Thursday, July 3, 2008

Pre-Holiday Quickies

In theaters: WALL-E follows what is becoming a traditional pattern for Pixar releases: rapturous hosannas from critics, followed by gripes from moviegoers. The complaints leveled at this film have been more than the norm: it's too quiet; too dark; too anti-American, etc. I'm somewhere in the middle of the crossfire. It's more sweet, less manically exhausting than most of their movies. I'm with the conventional wisdom that the first half is the best, putting us deep in the lonely world of its robot protagonist and his budding romance with the trigger-happy EVE. The second half, when the two characters board the star cruiser populated with overweight humans, is more satirical but also flat. Both halves are incredibly derivative, ripping off paying homage to E.T., 2001, even The Triplets of Belleville. Despite the objections that it's not for kids, the tykes in my audience were surprisingly quiet and attentive, save for the Russell Brown-type in the row behind me who kept a Socratic dialogue going with his parents about everything that was happening. I enjoyed WALL-E more than most Pixar fare; it's an ambitious change of pace that goes disappointingly conventional only near the end. Any film that derivatively puts "Also Sprach Zarathustra" on its soundtrack has no claims of being a masterpiece. Hasn't postmodernism ended yet?

Catching up on DVD: Blades of Glory, the Will Ferrell/Jon Herder figure skating spoof, is intermittently funny and gleefully silly, less enjoyable than Walk Hard but Ferrell's hilarious machismo-on-ice shtick elevates it above just about every other comedy out there. Cloverfield, the hyped-up before it bottomed-out monster-on-the-rampage movie, is very clever and viscerally effective, darker than expected, but ultimately not very fun. The creature is a disappointing blank (as are its giant arachnid-like spawn). Better actors would have better conveyed the 9/11 emotionalism that the filmmakers were going for; as it stands, their anonymity would make them representatives for ourselves were they not all pretty pin-ups.

Maybe Cloverfield could have used the casting director of National Treasure 2: Book of Secrets, who deserves a bonus for persuading Ed Harris, Helen Mirren and Bruce Greenwood (best of all, as a President one can only dream of) to join the likes of Jon Voight, Harvey Keitel, and of course Nicolas Cage for another ridiculous sub-Indiana Jones/Mission Impossible romp through historically-themed puzzles and clues a notch or two more complicated than the Daily Jumble. Nevertheless, the director, Jon Turteltaub, livens the pace more than the original National Treasure, which I couldn't get through. This sequel held my attention all the way to the big finish, in an ancient subterranean dwelling beneath Mount Rushmore, where Turteltaub somehow persuaded his ensemble of esteemed actors to play in neck-deep water. Also now on DVD, National Treasure 2 is no big deal, but unlike The Kingdom of the Crystal Skull, it bothers to create characters and set up plot points with actual payoffs. You know, kooky stuff. Perhaps I have things backwards: maybe Spielberg and Lucas are now sub-Turteltaub.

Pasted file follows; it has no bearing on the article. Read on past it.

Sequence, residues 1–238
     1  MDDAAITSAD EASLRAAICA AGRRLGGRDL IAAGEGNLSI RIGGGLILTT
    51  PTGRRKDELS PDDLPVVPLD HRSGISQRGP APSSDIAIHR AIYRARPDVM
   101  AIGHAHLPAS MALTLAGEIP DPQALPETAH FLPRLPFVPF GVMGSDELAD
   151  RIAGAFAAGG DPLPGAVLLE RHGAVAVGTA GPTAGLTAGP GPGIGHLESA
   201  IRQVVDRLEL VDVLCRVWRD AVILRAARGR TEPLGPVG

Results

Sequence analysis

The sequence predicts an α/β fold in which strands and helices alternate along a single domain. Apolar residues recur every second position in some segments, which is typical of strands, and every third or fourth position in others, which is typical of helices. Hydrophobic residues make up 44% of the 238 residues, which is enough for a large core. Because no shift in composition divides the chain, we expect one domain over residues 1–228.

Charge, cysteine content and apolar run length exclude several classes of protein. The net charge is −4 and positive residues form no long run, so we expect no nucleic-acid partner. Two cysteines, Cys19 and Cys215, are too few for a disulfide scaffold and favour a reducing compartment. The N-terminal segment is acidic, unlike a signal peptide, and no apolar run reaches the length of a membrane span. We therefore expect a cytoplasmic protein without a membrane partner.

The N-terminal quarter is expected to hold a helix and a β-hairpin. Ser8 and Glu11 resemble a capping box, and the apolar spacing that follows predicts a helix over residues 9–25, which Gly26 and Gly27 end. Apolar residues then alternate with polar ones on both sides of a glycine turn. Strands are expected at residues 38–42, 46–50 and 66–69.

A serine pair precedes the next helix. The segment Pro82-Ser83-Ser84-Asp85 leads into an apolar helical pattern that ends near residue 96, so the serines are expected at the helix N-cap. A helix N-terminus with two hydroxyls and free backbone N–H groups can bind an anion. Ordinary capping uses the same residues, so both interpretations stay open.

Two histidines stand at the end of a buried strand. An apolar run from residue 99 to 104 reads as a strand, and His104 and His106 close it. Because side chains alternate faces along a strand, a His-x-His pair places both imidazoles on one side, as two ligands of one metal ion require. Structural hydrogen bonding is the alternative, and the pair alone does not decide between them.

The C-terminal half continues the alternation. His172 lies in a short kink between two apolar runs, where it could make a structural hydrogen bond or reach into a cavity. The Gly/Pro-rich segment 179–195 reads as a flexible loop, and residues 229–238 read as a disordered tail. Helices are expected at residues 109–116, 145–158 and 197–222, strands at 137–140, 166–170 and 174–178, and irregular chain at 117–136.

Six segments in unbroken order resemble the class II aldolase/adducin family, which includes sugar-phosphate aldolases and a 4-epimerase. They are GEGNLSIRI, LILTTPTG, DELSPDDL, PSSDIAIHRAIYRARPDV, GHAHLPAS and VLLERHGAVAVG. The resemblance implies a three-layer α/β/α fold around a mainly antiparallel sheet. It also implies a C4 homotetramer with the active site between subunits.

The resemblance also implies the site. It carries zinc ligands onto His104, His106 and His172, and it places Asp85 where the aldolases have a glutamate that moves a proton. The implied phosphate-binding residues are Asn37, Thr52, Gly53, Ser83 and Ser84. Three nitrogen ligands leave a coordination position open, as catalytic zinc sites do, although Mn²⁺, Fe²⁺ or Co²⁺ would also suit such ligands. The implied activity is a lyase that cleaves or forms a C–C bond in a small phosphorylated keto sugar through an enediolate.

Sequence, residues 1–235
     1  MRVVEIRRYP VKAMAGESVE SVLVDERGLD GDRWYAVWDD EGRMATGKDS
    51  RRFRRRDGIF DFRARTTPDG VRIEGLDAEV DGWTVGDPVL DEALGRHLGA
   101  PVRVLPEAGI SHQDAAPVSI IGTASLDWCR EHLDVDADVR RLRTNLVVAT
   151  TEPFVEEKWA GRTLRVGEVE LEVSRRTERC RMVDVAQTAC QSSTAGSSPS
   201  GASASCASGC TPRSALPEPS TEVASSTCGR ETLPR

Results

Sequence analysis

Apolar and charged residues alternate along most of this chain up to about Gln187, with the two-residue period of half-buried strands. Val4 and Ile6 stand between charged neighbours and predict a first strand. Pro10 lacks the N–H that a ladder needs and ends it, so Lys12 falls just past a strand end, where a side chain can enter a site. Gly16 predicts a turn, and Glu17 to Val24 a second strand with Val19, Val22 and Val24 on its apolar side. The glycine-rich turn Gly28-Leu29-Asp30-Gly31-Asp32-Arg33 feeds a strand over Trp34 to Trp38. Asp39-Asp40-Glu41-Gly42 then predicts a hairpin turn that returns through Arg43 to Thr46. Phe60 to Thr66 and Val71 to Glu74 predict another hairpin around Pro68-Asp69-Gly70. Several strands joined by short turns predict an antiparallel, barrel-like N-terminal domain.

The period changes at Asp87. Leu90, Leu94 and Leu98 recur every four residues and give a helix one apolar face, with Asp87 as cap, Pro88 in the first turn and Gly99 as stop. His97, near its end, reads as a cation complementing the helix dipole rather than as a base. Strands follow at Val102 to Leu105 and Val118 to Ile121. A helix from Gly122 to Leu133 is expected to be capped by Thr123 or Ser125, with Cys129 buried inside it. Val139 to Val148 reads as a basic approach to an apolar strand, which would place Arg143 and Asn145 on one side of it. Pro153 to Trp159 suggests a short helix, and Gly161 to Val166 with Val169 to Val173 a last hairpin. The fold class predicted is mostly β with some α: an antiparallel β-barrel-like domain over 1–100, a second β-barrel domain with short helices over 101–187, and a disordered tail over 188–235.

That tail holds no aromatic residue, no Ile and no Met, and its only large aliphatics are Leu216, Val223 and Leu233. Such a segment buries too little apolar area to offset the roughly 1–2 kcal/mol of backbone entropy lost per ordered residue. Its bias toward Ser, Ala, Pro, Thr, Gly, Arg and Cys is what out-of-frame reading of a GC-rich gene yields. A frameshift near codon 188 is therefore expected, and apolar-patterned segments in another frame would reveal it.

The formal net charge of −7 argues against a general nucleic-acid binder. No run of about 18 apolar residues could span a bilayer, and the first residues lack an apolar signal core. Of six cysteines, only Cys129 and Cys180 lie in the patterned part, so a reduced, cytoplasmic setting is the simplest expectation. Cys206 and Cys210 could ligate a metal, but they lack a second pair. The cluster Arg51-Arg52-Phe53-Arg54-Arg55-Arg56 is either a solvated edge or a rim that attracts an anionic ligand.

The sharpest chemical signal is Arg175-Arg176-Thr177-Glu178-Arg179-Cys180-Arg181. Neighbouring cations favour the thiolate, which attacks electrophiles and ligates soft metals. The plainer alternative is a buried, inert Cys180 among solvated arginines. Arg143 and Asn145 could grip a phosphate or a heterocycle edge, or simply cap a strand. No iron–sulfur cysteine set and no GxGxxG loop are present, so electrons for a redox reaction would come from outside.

Helen said...

I think it's interesting that the main character, WALL-E, has more depth and range of emotion and facial expression than the bloated, gravity-deprived humans on the ship but I couldn't help wondering whether that was more the result of a lack of ability or skill, or a deficit in the current animation technology than something that was artistically intended. The visual bzstyles of the two halves of the movie are so different that it loses cohesion. I guess there's a rip-off of/reference to the Wizard of Oz with the switchover and there's even a gate-keeper robot on the ship that remided me of the wizard behind the curtain.

The post-apocalyptic, blasted Earth had a fairly convincing sense of scale and depth and you had to piece together for yourself what this world was all about and what the robot was up to. I wasn't even thinking about the fact that what I was watching is animation. The second half of the movie looks like you've accidentally switched channels and are unwillingly watching Teletubbies; you get hit over the head at that point with the fact that what you are watching is a cartoony cartoon. I get the message, but I was more interested in the world created in the first half.

And, just an aside, does WALL-E remind anyone else of Woody Allen?

Craig said...

Thanks for responding. The first half of WALL-E is magical; the second half less so. I suppose somebody at Pixar felt that they needed a human story with actual human characters, but I wish they'd followed through on the original premise. It might have then been worthy of the critics falling all over themselves calling it a masterpiece.

Craig said...

"Bzstyles" is a typo? I thought you were introducing a new word. Eastern European origin, perhaps?

WALL-E the character did have some Woody Allen qualities. I'm not sure about EVE, however. Definitely not Diane Keaton. Maybe Louise Lasser.

Helen said...

I know how "bzsytles" got in there: I was doing that word verification thing that you make us do now and my slow cursor hadn't caught up with where I was.

WALL-E and Woody. The names even sound similar.

Another aside: If you look at the advertising posters for Short Circuit and WALL-E side-by-side, you'll see that they are remarkably similar.